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Third- or fourth-degree tear during childbirth

Published: 12/06/2015

Many women tear to some extent during childbirth. Most tears occur in the perineum, the area between the vaginal opening and the anus (back passage). They may be:

  • First-degree tears – small, skin-deep tears which usually heal naturally
  • Second-degree tears – deeper tears affecting the muscle of the perineum as well as the skin; these usually require stitches

For some women with a tear, the tear may be more extensive. This may be:

  • A third-degree tear extending downwards from the vaginal wall and perineum to the anal sphincter, the muscle that controls the anus
  • A fourth-degree tear extending to the anus or rectum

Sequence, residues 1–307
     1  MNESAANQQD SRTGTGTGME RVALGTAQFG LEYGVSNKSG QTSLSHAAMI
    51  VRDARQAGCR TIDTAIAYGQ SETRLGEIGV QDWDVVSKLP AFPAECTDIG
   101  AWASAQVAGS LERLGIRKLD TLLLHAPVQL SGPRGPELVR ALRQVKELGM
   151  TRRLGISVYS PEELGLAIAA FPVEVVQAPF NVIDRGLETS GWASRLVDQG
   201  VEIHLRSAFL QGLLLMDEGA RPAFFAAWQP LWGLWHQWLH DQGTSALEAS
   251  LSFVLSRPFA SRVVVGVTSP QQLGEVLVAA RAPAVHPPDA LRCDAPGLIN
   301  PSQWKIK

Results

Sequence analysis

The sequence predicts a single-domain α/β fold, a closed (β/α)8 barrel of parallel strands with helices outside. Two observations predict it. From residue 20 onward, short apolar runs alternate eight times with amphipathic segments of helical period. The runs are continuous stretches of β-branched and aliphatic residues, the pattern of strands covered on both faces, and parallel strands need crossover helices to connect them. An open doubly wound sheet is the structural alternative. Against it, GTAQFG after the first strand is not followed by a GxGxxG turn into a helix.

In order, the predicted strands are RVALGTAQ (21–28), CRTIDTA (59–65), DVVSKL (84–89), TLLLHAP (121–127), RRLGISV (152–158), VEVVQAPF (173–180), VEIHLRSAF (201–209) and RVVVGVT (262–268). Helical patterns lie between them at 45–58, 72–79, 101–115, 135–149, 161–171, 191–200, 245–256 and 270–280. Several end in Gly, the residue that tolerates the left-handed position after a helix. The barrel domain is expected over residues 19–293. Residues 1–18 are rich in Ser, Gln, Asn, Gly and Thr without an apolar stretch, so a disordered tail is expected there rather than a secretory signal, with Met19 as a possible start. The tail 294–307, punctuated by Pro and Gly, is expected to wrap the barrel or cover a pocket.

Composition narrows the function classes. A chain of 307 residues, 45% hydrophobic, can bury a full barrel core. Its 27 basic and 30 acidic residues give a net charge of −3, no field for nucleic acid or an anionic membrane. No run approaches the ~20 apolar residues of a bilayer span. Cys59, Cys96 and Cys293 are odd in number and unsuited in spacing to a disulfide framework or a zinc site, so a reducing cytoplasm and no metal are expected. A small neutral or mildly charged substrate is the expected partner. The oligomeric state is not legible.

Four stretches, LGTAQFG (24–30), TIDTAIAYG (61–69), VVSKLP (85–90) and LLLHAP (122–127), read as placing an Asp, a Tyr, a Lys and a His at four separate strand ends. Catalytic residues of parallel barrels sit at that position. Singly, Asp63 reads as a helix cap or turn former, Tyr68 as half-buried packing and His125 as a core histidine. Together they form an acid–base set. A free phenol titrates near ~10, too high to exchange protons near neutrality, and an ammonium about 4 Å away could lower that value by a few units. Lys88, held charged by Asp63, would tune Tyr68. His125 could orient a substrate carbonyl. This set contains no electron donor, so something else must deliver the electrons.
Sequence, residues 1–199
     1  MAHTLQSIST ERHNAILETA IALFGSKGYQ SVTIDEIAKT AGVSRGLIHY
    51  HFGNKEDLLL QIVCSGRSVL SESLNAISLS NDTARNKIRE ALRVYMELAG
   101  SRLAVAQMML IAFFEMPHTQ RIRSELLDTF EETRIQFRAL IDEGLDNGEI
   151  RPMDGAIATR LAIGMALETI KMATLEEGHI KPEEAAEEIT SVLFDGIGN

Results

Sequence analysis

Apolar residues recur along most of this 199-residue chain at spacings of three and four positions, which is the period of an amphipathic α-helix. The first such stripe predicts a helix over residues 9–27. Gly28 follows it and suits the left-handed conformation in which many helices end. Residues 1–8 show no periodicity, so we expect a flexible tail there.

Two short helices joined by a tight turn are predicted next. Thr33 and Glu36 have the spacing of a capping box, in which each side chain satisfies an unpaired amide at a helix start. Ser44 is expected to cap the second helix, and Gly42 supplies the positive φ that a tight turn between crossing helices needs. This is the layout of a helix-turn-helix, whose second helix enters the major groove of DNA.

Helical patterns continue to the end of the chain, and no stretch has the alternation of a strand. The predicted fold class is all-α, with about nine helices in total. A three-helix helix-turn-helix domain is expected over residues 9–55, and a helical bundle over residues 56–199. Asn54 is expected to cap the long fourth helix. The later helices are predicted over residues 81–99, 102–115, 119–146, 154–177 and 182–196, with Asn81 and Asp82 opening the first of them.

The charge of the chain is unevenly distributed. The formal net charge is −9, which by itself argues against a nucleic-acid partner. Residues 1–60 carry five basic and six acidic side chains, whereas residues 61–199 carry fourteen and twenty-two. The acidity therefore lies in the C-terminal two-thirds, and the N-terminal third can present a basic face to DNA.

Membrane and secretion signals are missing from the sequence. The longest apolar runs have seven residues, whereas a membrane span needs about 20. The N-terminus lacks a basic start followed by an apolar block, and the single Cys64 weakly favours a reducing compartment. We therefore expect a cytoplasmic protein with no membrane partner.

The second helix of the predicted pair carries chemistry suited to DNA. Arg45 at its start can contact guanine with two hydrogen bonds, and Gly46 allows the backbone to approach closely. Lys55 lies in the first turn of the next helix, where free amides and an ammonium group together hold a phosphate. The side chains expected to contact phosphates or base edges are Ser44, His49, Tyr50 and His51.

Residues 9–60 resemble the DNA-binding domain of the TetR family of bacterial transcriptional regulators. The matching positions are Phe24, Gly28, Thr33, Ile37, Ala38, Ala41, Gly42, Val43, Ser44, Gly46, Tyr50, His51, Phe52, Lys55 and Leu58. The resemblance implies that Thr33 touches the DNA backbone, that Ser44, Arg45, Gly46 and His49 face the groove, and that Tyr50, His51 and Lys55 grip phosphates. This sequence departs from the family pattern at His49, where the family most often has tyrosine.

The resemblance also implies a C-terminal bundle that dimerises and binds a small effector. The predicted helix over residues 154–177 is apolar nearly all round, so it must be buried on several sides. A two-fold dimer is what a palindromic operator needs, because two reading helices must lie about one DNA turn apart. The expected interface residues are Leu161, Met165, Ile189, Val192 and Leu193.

This leaflet provides information and advice about third- and fourth-degree tears during childbirth. It covers:

  • Whether third- and fourth-degree tears can be prevented
  • What to expect after a third-or fourth-degree tear
  • What you can do to help you recover
  • Follow-up
  • Implications for future births

This information is based on the RCOG Green-top Guideline No. 29 The Management of Third- and Fourth-degree Perineal Tears.

In line with the College process of reviewing all guidance every 3 years, this information is currently under review. The information in this version is still valid.


Information hub on perineal tears and episiotomies

Types of tears, reducing your risk, and helping your recovery

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